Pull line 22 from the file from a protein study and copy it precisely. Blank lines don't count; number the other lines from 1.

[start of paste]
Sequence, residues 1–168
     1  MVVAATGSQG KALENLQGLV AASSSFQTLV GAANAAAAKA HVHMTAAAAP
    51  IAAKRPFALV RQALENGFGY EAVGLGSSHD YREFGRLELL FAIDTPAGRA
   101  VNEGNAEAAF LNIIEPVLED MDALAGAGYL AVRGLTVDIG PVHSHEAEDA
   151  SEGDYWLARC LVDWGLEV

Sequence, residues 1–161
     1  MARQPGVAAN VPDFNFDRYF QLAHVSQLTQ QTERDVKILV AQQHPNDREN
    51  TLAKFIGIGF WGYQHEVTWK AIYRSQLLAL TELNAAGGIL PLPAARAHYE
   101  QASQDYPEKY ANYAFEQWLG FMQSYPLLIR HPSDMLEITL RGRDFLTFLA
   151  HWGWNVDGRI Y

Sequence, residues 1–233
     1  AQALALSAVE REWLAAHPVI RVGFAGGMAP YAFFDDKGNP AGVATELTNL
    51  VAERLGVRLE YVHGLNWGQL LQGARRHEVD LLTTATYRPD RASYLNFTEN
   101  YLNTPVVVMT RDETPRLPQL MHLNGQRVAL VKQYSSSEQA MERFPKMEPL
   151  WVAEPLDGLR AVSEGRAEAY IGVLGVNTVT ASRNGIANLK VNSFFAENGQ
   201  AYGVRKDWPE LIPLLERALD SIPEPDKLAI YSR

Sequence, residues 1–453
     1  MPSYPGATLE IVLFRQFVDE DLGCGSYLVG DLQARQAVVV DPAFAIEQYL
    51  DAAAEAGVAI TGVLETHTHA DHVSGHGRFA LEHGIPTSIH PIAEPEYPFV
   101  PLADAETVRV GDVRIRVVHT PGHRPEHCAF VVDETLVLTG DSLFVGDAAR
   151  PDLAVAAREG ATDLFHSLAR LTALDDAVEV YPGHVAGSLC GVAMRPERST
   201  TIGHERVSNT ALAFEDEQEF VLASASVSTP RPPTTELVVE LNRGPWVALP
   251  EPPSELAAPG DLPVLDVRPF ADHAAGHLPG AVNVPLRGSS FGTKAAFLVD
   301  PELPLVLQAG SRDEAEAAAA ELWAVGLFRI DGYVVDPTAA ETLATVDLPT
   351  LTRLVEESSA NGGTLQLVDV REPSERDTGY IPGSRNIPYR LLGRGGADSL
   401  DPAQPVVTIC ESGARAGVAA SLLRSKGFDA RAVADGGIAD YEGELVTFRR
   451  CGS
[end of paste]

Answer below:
   201  TIGHERVSNT ALAFEDEQEF VLASASVSTP RPPTTELVVE LNRGPWVALP